Legitimacy and mandates
in Unfinished business
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Throughout Irish history terminology has played a significant role in defining those who fall beyond the status quo. This chapter demonstrates that the concept of legitimacy (and where it derives from) has remained a dominant theme throughout Irish republicanism, as demonstrated during the Civil War (1920s), the Hunger Strikes (1980s) and throughout the contemporary Provisional–‘dissident’ divide. This chapter examines the Republican Movement’s engagement with elections and demonstrates that Sinn Féin’s relationship with elections is more nuanced than is often portrayed. Radical republicans have rejected the mainstream narrative that Sinn Féin holds the republican brand and have rejected the Sinn Féin electoral mandate. This chapter explores ‘dissident’ attitudes to elections and explores the electoral fortunes of ‘dissident’ candidates. Through primary interviews, this chapter explores why many candidates have chosen to contest on an ‘independent’ platform rather than under their organisation’s name; and whether groups such as the 32CSM are internally divided on electoral strategy. Debates within RSF, éirígí and the 32CSM demonstrate age-old divisions surrounding the tactical use of local elections. This chapter examines republican attitudes to the lack of popular support and (through their own words) demonstrates where legitimacy is derived from, including an interview with a spokesperson for the CIRA.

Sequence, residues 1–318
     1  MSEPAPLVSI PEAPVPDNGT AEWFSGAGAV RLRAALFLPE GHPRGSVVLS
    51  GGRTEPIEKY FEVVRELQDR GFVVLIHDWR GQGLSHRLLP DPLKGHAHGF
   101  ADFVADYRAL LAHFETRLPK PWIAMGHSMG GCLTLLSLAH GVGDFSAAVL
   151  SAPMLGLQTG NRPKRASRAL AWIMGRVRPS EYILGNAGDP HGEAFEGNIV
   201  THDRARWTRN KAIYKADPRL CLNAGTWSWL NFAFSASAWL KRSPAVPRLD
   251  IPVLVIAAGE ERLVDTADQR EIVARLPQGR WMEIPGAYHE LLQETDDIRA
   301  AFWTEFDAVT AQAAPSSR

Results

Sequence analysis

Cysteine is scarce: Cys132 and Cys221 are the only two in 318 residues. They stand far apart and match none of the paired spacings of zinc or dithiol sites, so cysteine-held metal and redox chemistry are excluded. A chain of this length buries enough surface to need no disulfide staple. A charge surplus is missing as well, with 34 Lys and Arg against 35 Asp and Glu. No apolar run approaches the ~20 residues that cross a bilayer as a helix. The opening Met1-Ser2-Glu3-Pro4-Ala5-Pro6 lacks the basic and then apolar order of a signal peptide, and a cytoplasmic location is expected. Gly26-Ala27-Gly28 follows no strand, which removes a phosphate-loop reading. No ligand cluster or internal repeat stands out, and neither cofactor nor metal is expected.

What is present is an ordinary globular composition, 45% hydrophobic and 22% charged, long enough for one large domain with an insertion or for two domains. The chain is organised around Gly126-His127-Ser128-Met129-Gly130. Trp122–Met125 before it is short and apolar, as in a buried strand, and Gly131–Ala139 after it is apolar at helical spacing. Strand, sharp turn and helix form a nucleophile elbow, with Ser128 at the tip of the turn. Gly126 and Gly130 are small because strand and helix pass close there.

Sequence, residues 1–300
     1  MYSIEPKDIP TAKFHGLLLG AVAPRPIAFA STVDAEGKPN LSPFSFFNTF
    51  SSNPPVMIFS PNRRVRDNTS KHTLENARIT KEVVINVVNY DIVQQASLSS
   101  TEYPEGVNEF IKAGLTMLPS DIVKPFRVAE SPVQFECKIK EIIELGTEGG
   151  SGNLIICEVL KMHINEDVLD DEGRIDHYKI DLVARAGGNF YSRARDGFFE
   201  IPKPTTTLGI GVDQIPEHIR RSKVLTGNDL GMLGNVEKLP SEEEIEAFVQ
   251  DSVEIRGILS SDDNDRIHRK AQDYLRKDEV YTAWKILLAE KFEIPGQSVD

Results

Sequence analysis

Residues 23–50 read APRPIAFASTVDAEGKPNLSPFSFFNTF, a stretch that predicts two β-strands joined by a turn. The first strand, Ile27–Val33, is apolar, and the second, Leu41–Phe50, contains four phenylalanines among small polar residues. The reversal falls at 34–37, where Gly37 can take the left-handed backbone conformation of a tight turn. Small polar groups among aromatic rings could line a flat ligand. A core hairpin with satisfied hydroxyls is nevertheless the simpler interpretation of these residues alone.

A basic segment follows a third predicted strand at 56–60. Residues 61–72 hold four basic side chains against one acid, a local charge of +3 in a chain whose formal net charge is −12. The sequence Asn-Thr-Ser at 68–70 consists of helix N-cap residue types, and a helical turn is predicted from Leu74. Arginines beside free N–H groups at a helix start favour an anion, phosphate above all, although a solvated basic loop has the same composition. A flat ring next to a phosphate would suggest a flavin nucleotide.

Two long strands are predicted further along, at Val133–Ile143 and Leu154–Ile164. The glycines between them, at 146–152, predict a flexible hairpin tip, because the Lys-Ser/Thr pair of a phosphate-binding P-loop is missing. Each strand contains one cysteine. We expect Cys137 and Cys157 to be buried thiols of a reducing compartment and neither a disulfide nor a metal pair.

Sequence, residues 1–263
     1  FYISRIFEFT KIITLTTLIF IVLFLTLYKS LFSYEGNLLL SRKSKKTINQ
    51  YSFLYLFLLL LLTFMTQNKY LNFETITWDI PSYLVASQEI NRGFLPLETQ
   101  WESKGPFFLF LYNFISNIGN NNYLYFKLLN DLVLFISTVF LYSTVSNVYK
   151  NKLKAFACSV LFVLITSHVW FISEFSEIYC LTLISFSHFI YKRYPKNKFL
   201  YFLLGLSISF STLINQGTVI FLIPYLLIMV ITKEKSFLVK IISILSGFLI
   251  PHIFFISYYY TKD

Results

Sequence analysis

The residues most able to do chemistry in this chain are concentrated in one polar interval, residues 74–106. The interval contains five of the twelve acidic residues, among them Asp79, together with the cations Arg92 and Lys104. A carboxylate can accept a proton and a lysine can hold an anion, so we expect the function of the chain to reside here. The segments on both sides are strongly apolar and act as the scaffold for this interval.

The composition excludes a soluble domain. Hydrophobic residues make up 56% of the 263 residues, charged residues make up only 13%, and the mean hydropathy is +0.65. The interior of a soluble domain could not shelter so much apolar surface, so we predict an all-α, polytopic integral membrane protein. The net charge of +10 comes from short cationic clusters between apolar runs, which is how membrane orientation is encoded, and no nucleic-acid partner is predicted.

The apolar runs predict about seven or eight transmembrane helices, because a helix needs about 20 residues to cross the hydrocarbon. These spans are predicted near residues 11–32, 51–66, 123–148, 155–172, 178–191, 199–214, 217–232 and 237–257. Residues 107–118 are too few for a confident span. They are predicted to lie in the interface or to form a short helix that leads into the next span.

Unfinished business

The politics of ‘dissident’ Irish republicanism

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